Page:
On October 1, 2020, Zachery Ty Bryan posted on his now-defunct Instagram that he and his wife Carly Matros had decided to go their separate ways. The couple of 14 years had three daughters together.
Three weeks after the split was announced (and later deleted), Bryan was arrested in Eugene, Oregon, on multiple charges of assault against his girlfriend (via People). In a police interview, Bryan’s 27-year-old girlfriend told police that she and the actor/producer had been dating for two years, despite Bryan only having been separated from his wife for three weeks. She also said that Bryan had become violent only in the last month and had not exhibited violence toward her in the years beforehand.
On the night of the attack, she alleged Bryan dragged her out of bed by her hair, beat her, strangled her, and thwarted her attempts to call 911. Bryan was apparently upset over a missing phone charger, she told police. After the initial 911 call and dispatchers’ attempts to call back, police were sent to the location, where they found a bloodied, bruised victim and an evasive Bryan.
Bryan, 39, was charged in Lane County with eight counts. They included two counts of menacing, two of assault in the fourth degree, coercion, felony strangulation, harassment, and interference with making a report. He was later released on bail. In February 2021, Deadline reported that the former child star had pleaded guilty to menacing and assault in the fourth degree, two felony counts. He received three years of probation and was ordered to participate in a batterer intervention program. As of now, Bryan has not released any public statements regarding the incident.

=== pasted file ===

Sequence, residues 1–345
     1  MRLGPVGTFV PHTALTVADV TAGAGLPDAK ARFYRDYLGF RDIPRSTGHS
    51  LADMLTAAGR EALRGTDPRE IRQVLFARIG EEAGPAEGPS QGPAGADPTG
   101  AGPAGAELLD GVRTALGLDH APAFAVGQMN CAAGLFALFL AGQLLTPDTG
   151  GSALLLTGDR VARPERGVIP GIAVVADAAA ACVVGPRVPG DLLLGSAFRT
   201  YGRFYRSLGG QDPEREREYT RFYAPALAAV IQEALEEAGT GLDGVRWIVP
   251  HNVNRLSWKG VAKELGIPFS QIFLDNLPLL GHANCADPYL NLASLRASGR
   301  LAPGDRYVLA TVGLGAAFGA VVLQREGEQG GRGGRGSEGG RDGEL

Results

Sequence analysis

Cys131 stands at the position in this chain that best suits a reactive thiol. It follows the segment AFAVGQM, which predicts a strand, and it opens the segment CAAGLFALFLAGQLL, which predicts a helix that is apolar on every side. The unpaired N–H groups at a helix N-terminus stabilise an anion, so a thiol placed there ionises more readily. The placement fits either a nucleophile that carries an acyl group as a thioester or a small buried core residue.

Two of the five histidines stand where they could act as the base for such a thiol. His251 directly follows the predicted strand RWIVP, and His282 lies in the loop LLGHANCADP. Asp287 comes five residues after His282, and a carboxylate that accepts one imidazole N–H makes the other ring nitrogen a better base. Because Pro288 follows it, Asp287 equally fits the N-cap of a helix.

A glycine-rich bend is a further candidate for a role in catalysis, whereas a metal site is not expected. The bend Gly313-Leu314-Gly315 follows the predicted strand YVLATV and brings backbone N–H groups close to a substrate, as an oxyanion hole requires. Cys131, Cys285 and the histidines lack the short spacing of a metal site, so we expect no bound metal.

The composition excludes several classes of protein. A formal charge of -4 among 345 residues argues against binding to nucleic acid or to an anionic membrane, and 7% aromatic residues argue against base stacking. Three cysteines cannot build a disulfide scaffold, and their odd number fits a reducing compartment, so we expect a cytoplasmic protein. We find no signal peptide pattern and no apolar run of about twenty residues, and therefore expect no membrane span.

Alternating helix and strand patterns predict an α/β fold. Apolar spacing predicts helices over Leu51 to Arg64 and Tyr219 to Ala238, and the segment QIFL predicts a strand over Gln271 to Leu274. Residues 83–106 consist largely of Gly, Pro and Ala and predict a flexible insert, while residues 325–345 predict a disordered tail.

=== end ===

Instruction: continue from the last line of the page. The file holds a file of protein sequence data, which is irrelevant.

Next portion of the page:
On a weird side note, Bryan’s 2020 Instagram post announcing his split from Carly Matros was taken word-for-word from actor Armie Hammer’s own divorce announcement. Hammer himself has recently been accused of a series of abusive and disturbing behaviors.
If you or someone you know is dealing with domestic abuse, you can call the National Domestic Violence Hotline at 1−800−799−7233 or TTY 1−800−787−3224. You can also find more information, resources, and support at www.thehotline.org.